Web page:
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Researchers find a new way to halt age-related decline in immune system

Published On: Mon, Oct 1st, 2012 | Immunology | By BioNews

Stanford University School of Medicine scientists have found that blocking the action of a single protein whose levels in our immune cells creep steadily upward with age can restore those cells’ response to a vaccine.

This discovery holds important long-term therapeutic ramifications, said Jorg Goronzy, MD, PhD, professor of rheumatology and immunology and the senior author of a study.

It might someday be possible, he said, to pharmacologically counter aging’s effects on our immune systems.

Image credit: The Open University

In the study, the Stanford team fingered a protein called DUSP6 that interferes with the capacity of an important class of immune cells to respond to the presence of a foreign substance, such as those appearing on the surface of an invading pathogen or in a vaccine designed to stifle that invasion.

The researchers also identified a potential lead compound that, by inhibiting DUSP6’s action, restores those cells’ responsiveness to a more youthful state.

A person’s immune response declines slowly but surely starting at around age 40, said Goronzy.

“While 90 percent of young adults respond to most vaccines, after age 60 that response rate is down to around 40-45 percent. With some vaccines, it’s as low as 20 percent,” he stated.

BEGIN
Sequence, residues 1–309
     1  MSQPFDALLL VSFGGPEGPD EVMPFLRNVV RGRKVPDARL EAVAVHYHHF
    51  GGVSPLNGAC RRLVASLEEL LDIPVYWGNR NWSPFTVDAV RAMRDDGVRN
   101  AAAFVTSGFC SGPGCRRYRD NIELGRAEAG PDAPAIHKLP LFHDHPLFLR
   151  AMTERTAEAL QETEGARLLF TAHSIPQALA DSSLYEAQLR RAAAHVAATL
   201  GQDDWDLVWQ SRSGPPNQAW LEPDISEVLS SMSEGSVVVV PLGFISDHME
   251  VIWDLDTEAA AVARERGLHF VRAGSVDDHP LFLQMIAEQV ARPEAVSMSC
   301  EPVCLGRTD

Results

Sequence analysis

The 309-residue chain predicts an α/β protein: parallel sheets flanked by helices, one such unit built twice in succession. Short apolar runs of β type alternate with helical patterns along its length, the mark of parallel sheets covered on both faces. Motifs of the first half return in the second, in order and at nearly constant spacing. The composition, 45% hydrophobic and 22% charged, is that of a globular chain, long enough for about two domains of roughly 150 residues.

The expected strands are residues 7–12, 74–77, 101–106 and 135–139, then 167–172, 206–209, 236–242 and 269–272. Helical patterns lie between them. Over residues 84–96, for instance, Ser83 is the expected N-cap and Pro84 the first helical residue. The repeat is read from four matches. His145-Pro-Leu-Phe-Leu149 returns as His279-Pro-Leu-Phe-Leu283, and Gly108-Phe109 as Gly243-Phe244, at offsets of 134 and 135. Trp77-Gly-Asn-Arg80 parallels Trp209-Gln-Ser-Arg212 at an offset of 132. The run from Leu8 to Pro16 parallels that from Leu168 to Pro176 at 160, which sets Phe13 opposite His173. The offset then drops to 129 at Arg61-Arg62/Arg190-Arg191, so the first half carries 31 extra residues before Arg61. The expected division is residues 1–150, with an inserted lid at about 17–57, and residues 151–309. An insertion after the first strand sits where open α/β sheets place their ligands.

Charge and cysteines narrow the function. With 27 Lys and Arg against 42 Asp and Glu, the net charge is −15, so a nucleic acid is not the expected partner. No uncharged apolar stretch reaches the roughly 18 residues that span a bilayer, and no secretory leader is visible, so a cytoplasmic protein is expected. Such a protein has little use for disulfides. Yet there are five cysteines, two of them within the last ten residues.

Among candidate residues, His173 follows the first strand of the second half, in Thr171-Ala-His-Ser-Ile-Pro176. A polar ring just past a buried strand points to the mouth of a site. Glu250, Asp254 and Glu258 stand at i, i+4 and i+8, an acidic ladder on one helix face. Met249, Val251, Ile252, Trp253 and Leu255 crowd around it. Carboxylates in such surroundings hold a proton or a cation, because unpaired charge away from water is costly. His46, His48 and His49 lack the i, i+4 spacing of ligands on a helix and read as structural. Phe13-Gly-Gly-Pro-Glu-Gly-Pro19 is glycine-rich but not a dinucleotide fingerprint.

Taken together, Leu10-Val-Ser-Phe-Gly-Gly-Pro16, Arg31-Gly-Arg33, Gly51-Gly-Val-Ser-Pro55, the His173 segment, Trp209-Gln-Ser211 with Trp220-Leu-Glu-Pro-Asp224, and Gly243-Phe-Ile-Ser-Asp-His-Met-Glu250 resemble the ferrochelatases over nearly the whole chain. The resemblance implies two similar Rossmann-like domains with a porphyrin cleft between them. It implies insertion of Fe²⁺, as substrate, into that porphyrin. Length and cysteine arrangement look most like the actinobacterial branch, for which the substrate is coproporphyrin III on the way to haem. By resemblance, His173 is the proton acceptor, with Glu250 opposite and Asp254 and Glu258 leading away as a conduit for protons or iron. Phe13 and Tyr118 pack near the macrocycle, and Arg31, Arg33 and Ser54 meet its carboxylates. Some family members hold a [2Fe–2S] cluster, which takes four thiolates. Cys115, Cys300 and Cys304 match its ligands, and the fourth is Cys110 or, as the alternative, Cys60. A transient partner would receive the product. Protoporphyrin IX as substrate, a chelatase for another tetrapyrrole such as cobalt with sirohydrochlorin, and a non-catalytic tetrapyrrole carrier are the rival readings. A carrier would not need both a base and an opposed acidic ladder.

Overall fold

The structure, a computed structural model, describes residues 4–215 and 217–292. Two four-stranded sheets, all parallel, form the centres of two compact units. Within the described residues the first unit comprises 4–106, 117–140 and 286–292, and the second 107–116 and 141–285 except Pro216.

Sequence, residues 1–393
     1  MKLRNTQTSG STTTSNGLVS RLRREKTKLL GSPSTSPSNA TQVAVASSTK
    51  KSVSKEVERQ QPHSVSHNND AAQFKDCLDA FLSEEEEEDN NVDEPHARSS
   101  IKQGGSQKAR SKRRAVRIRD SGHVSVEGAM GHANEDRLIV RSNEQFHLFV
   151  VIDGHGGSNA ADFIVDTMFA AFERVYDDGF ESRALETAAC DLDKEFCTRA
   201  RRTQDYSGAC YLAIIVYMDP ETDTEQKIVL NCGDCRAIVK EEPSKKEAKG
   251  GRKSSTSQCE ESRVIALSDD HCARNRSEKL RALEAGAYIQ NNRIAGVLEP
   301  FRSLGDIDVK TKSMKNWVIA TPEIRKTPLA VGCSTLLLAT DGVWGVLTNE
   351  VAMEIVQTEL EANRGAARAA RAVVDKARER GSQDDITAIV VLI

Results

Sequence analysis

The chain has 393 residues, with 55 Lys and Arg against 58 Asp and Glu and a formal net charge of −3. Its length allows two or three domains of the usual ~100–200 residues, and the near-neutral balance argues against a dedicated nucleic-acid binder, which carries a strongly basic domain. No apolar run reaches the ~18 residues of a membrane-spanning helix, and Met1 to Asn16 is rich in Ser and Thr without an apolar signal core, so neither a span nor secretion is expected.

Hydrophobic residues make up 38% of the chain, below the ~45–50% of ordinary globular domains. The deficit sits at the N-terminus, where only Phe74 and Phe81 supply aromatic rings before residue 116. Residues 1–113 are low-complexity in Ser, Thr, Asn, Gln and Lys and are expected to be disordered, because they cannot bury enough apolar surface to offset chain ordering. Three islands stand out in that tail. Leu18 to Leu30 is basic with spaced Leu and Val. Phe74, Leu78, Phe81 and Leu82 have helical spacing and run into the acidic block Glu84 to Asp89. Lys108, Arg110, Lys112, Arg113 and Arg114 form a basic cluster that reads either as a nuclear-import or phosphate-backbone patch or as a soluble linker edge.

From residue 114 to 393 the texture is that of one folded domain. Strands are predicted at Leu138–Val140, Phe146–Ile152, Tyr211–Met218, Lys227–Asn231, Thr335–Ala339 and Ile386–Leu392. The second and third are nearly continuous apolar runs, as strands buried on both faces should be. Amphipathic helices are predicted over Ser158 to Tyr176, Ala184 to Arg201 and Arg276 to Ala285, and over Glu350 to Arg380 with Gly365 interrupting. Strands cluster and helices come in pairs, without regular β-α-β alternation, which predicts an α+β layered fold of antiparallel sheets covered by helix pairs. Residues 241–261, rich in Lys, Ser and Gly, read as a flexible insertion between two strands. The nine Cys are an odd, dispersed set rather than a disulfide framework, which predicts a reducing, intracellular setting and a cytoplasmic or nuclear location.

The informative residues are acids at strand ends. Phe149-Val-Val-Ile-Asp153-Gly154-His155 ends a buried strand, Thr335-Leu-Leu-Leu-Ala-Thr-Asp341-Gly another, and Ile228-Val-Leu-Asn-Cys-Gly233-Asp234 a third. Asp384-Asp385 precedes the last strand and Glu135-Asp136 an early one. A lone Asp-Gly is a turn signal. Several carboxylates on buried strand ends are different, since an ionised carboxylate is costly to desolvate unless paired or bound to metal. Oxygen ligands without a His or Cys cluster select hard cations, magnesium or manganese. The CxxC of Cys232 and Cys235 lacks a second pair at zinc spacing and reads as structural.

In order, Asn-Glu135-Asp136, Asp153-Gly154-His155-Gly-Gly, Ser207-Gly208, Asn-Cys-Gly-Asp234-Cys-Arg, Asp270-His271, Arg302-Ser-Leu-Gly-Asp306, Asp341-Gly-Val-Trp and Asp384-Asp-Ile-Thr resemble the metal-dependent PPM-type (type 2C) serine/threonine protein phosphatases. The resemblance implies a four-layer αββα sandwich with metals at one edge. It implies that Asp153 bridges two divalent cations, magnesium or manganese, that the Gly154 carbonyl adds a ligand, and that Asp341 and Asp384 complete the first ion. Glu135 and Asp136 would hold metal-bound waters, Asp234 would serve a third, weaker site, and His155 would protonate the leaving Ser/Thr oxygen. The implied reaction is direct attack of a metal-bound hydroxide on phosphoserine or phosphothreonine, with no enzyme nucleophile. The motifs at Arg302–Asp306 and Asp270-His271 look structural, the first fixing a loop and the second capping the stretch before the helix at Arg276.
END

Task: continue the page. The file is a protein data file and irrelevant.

Vaccine failure among seniors poses a serious health problem: Some 90 percent of influenza deaths are among people over age 65.

“We are still far from application in the clinic. We need to keep tweaking the compound and testing it in mice to make absolutely sure it’s safe enough to try in humans,” cautioned Goronzy.

“But improving vaccine responses to overcome age-related immune defects represents a unique opportunity to attain healthy aging,” he added.

The new study will be published online in Nature Medicine. (ANI)

References:
Decline in miR-181a expression with age impairs T cell receptor sensitivity by increasing DUSP6 activity, Nature Medicine (2012) doi:10.1038/nm.2963

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